Fragrance Sensitivities and Disability Definitions under the ADA
March 18, 2010
In yesterday's blog, our California Employment and Labor Lawyers discussed a recent lawsuit involving the issue of fragrance sensitivities in the workplace, and how fragrance sensitivities can be considered as a disability under the Americans with Disabilities Act, (ADA).
The Job Accommodation Network (JAN), is provided by the U.S. Department of Labor's Office of Disability Employment Policy, to help employers comply with Title I of the Americans with Disabilities Act (ADA) to find reasonable accommodations for disabled employees.
JAN states that fragrance sensitivity can mean that an employee has an actual allergy to a fragrance or a simple irritation to a fragrance, that manifests through absorption, breathing, or ingestion. The first allergic indicator of a reaction to a fragrance is often a skin rash after using a perfumed product, although other reactions can also include nausea, hives, asthma attacks or symptoms, coughing, wheezing, runny nose, itchy eyes, or difficulty breathing.
According to JAN, there is no list of medical conditions that comprise all disabilities under the ADA, rather a general definition of disability that is answered on a case-by-case basis, with consideration on how the employee is affected by his/her medical condition. In this way, some employees with fragrance sensitivities can be protected under the ADA and some will not.
According to the U.S. Equal Employment Opportunity Commission, a person can prove his/her disability in three different ways:
- A person may have a disability if he/she has a physical or mental impairment or condition that limits them substantially in one or more major life activities.
- A person can also meet the ADA's definition of disability by having a record or history of or being regarded as having an impairment that limits one or more major life activities substantially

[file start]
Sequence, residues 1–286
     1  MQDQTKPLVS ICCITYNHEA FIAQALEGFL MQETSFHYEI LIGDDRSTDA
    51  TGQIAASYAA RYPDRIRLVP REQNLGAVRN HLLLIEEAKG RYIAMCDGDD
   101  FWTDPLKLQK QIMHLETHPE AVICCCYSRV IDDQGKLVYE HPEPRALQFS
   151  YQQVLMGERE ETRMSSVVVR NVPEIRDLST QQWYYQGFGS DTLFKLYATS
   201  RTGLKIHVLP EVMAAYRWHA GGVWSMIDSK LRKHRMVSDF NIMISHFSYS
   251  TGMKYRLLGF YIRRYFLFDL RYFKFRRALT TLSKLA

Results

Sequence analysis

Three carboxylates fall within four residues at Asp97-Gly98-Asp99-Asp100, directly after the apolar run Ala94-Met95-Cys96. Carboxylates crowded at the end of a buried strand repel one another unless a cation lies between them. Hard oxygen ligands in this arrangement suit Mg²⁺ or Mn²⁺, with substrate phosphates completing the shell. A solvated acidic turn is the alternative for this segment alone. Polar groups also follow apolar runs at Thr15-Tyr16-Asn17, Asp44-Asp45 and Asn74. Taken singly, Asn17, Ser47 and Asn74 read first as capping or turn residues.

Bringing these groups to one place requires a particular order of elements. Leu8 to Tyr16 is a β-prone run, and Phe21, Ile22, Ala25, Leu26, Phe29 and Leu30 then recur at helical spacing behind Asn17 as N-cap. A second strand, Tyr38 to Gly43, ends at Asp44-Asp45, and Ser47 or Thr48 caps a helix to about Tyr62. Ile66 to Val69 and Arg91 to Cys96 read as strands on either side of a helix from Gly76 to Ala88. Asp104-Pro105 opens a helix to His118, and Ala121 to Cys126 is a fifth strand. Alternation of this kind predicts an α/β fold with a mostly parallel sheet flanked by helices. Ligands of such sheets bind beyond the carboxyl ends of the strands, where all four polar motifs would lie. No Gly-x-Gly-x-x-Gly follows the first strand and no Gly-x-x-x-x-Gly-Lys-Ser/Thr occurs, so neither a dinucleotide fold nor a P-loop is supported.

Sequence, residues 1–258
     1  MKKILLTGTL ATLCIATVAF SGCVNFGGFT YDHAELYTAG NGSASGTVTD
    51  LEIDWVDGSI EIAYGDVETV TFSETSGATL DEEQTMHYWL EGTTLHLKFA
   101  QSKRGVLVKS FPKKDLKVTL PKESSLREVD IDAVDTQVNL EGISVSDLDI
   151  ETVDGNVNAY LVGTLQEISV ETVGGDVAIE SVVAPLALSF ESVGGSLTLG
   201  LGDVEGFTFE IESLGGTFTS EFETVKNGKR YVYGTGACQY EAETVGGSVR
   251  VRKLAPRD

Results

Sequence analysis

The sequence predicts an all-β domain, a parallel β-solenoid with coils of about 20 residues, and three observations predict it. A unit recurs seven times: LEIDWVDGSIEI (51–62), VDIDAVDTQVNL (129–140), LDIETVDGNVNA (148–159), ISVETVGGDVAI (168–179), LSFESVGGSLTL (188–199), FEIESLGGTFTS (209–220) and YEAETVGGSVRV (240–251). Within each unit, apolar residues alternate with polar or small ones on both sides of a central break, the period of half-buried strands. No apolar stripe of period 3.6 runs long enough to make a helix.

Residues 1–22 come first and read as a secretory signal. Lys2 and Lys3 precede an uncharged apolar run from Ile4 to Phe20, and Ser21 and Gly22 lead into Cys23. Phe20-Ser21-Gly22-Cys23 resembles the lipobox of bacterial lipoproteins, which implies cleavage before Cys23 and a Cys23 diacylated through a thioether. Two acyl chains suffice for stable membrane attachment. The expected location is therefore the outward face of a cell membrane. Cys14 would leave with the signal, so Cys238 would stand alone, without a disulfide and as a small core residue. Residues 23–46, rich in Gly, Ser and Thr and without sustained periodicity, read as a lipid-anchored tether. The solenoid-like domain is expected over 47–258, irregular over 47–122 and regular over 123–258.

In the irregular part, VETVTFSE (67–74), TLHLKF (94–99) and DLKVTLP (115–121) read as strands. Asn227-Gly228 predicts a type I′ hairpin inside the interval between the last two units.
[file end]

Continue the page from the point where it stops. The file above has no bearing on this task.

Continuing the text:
- A person may be disabled or impaired if he/she is regarded as having a physical or mental impairment that is not transitory (lasting or expected to last for over six months) and minor (even if he/she does not have this impairment).
The EEOC defines major life activities as functions such as caring for oneself, walking, breathing, seeing, hearing, learning, performing manual task, among others.
According to JAN when an employee requests reasonable accommodation for a disability, an employer may request further medical documentation that shows whether the employee has an impairment, and whether that disability limits one or more major life activities substantially. JAN also reports that an employer has the right to decide how far is reasonable when changing and implementing accommodations.
At Howard Law, PC, our experienced team of California Labor and Employment Attorneys aggressively protect your rights to a workplace free from violations of employment and labor laws. Call today, for a free consultation, so we can help you with your recovery.
U.S. Department of Labor's Office of Disability Employment Policy: Job Accommodation Network (JAN), Employees with Fragrance Sensitivity
U.S. Department of Labor's Office of Disability Employment Policy: Job Accommodation Network (JAN), Consultants' Corner: ADA
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